Mary, Edna Bryan, O'toole discussed on The New Yorker: Fiction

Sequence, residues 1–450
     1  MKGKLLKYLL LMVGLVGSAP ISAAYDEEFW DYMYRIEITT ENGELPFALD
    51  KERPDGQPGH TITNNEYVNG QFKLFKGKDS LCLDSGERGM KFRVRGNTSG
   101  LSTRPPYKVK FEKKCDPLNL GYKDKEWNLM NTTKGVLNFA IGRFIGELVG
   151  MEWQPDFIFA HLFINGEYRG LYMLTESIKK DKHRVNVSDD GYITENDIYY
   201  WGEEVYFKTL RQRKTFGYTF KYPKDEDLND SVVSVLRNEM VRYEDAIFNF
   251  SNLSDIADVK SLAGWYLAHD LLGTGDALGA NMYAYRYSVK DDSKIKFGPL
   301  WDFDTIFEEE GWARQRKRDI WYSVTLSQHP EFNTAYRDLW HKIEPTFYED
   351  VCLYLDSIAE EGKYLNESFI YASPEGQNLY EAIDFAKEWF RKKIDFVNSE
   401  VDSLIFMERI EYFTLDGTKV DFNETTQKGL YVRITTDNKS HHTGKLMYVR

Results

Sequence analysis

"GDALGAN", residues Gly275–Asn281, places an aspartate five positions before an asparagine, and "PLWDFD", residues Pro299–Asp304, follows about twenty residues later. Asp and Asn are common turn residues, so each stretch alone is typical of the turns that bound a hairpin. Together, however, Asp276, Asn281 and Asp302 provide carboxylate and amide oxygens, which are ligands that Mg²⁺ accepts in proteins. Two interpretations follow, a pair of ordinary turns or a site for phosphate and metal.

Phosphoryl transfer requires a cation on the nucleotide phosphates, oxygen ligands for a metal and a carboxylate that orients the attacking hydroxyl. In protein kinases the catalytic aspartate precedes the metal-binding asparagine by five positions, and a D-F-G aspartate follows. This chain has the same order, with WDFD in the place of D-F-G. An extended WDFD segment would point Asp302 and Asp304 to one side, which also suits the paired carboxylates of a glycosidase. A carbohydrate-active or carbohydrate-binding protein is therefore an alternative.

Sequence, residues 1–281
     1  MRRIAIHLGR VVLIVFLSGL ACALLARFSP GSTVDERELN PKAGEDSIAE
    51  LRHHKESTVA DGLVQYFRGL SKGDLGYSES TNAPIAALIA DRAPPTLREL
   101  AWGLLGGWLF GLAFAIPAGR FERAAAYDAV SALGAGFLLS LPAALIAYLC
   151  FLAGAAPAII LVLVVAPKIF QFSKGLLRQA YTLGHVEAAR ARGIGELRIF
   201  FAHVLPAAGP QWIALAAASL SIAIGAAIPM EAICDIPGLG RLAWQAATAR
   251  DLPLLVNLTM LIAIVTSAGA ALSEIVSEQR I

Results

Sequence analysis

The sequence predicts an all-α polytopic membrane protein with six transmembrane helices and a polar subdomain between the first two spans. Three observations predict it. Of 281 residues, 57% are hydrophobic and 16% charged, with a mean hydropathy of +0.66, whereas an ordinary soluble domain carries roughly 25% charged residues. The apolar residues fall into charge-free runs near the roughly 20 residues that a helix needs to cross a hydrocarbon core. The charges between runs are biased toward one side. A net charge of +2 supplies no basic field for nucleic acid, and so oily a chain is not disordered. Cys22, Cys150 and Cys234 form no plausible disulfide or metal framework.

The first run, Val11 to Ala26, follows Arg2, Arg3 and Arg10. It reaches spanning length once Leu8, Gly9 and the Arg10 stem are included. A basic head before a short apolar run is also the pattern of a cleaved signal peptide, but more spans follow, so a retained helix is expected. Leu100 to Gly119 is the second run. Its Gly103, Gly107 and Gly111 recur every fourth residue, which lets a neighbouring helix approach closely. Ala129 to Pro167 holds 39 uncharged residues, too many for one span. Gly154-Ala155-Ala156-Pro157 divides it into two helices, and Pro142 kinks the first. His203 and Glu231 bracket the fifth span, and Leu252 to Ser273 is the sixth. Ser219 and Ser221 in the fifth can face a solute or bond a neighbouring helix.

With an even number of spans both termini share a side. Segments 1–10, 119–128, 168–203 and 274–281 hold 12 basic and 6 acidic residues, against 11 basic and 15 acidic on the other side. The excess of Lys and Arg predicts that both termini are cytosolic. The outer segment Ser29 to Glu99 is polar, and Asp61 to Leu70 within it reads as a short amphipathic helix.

Yeah. Also, when you brought up the story, you said that your first reading of it, you were drawn to it because of the kind of Cinderella quality of this girl going to the ball and then having her dreams dashed because prince charming does not show up to this ball. But what's interesting to me is that even the prince charming in the story, while he was just a married guy who was playing around with a 15 year old girl, no intention of ever coming back, he told her he couldn't love her because he had a wife. That is exactly right. I almost think it becomes a sort of joke between the author and the reader. And not exactly at Mary's expense, but we can see what she can't. First of all, he's not honorable. He is married. As you say, no intention of coming back. But the other component of that dynamic is that he's got her washing his shirts and acting nursemaid and attending to his sunburn and she's all ready, gleefully engaged in the drudgery of what a wife would be doing for this man. But sees it as part of this avenue for escape that she might have. But I think that that is a kind of tender joke there. Yeah. Why do you think he sends the drawing? You know, I don't know why he sends her the drawing except that it probably pleases him to think of her pining a little bit. And maybe he's proud of his artistic accomplishments, but one interesting thing about the drawing is that when Edna Bryan revised the story and changed the title of it to put into her collection, she changed the drawing from looking like Mary, but prettier to looking like Mary, but uglier. It's an interesting change. I don't know exactly what it means except that the dream of the seduction withers that much sooner. Upon the moment of the drawings arrival, Mary may be conceived better that this person didn't actually see her for who she was. Or didn't see her for whatever she values about her own beauty. Yeah. Interestingly, O'Toole does see her beauty. No tool the most crass of all people who can't be bothered to remember her name. You know, other people might think her hair was ski lish. I think that's the worst. Which I think means sort of slovenly and messy. But he sees the beauty in it. He likes these simple girls. Right, and they're both tall and thin. Yeah. And I think he doesn't know better than to try to pursue her by persistence. He won't have been the first man in the history of the world to adopt this tactic. Yeah. I mean, he's sort of put out that no one wants to have a cuddle with him. You know, he feels it's owed to him. On the other hand, until he gets really drunk and opens all the taps. He doesn't seem malicious to me. He just seems confused as to why there's no response to his advances. What, I don't think that having desire for somebody and using persistence to try to pursue them is necessarily malicious. It might just be a misunderstanding of what they want versus what you want. Of course, the effects of it can be very harmful to people, but that doesn't mean that his intention is to hurt Mary..